- PRO: Consolidation loans offer the convenience of one monthly payment — no more tracking multiple statements and keeping track of which bill is due when.
- PRO: You can save money by getting a loan with a lower interest rate than what you’re currently paying on the debts you want to consolidate. Current interest rates on debt consolidation loans can be found for as low as 6 percent.
- PRO: Your credit card accounts can be paid off in full and the accounts are left open and active.
- CON: Although simpler and less costly, a debt consolidation loan is still a form of debt. You’ll need financial discipline to handle your consolidated debts responsibly and not run up new debt.
2. Personal loans
Unsecured personal loans through a bank, credit union or online lender are another way to consolidate debt from credit cards and other creditors.
A personal loan may enable you to pay a lower fixed-rate on your total debt, instead of high variable-rate APRs (annual percentage rate) often seen on credit cards. But the lowest rates often go to the those with the best credit.
Pros and cons:
- PRO: These loans typically come with lower borrowing costs than you’ll find with credit cards, reducing the overall interest you’ll pay on your debt.
- PRO: There’s only one monthly payment to make.
- PRO: The term of the loan has an end date, tying you to a date when you’ll pay off the loan and, hopefully, be debt free. In general, personal loans must be repaid in one to five years.
- CON: If your credit isn’t ideal, your interest rate could be the same as your credit cards or ever higher.
- CON: You may not qualify if your debt-to-income ratio is too high.
3. Balance transfer credit cards
If you’re looking for an easy way to consolidate credit card debt, a balance transfer offer from a bank offering low teaser rates is an option to consider.
Carrying a large balance on your card can be costly, especially if the bank is charging a high APR, or annual percentage rate.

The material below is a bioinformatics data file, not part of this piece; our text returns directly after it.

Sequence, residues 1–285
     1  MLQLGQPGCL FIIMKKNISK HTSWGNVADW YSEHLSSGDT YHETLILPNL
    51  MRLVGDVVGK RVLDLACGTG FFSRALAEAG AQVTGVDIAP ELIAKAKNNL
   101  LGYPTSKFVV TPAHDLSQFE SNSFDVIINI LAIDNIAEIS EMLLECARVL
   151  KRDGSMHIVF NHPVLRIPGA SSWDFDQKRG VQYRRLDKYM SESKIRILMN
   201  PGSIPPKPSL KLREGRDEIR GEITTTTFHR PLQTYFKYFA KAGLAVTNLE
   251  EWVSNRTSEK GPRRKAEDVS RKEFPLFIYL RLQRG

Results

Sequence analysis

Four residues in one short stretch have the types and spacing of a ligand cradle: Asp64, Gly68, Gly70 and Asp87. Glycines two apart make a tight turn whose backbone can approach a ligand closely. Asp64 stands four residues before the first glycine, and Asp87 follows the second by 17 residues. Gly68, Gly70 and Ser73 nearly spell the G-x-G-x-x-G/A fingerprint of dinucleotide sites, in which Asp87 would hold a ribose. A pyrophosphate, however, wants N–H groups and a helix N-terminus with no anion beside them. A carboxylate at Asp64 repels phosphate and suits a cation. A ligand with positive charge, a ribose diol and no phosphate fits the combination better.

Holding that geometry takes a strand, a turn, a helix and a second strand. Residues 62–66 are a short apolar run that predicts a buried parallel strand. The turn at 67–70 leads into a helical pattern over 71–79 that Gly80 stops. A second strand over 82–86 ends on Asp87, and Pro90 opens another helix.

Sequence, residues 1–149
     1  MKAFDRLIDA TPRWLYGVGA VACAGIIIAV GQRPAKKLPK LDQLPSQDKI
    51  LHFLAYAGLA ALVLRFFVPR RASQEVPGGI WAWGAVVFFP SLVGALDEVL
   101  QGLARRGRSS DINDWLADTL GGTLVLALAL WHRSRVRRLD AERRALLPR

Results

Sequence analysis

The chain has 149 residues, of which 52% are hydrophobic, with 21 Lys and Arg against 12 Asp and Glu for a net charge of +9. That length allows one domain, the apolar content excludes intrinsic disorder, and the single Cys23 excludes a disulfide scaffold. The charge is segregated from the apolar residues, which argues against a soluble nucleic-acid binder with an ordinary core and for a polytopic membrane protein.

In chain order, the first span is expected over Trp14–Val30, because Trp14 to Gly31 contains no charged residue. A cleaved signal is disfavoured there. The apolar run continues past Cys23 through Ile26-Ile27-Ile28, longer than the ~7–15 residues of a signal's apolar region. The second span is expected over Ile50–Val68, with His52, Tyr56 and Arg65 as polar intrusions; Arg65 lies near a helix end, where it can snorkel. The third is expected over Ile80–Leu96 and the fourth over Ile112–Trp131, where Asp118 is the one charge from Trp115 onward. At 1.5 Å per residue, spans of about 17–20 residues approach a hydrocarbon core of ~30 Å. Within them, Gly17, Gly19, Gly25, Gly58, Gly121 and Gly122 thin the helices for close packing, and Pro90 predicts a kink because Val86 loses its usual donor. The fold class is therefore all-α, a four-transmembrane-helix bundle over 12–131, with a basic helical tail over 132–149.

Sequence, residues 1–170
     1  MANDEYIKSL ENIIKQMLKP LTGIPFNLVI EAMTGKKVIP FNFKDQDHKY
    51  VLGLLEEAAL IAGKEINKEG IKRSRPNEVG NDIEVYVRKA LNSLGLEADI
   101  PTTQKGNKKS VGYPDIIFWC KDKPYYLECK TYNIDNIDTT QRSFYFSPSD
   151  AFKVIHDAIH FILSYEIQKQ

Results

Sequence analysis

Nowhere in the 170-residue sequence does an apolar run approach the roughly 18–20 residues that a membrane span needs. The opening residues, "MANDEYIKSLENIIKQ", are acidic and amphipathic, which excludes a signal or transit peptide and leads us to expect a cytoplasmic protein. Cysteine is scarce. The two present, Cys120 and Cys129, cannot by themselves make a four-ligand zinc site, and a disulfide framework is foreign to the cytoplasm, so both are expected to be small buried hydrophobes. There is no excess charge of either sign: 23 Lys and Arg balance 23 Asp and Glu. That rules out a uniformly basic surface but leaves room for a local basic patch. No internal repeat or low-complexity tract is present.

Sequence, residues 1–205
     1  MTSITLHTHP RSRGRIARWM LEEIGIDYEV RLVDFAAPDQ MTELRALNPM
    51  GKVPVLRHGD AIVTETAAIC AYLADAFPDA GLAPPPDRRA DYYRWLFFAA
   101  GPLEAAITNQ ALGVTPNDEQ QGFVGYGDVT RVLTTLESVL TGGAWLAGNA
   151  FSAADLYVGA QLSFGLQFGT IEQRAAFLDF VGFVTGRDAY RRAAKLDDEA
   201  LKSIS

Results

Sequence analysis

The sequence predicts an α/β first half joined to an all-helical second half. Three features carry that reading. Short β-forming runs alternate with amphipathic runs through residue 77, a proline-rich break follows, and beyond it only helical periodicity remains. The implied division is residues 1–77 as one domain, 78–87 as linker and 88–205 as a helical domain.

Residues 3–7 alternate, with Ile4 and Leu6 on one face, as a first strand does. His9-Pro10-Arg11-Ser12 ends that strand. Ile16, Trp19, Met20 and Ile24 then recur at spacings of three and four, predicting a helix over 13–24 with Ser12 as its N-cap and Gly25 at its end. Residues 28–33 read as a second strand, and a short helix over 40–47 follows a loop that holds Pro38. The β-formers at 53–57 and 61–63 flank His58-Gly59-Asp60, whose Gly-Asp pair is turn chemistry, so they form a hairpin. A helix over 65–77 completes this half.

A balance transfer credit card allows you to transfer outstanding credit card balances to the new card. Balance transfer cards often include special introductory APRs, often as low as 0 percent for a limited period, sometimes as long as 18 months.
Pros and cons:
- PRO: A balance transfer card can offer temporary relief from cards with high APRs.
- PRO: Although rules vary by provider, many cards let you transfer two to five credit balances to one account.
- CON: When the introductory period ends, any balance you have on the transfer card will be subject to a market-rate APR, which is likely to be substantially higher.
4. Home equity loan/line of credit
Although not called debt consolidation loans, these lines of credit can be used to provide money for that purpose. If you own your home, and have built up sizable equity, borrowing against your home to consolidate debt may be a good choice.
Pros and cons:
- PRO: Home equity coupled with a good credit score can help you get more affordable interest rates.
- PRO: You may be able to get a fixed interest rate with a longer term than other consolidation methods.
- CON: A home equity loan or HELOC requires using your house as collateral. Defaulting would put your house at risk of foreclosure.
Find your best way to get out of debt
Consolidating debt may not work for every situation. If your debt has become serious enough to threaten your financial well-being, you may need to consider other options for getting out of debt.
However, if things like credit card balances and medical bills are just a problem and not a crisis, look into a debt consolidation strategy.
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Find a personal loan that's right for you.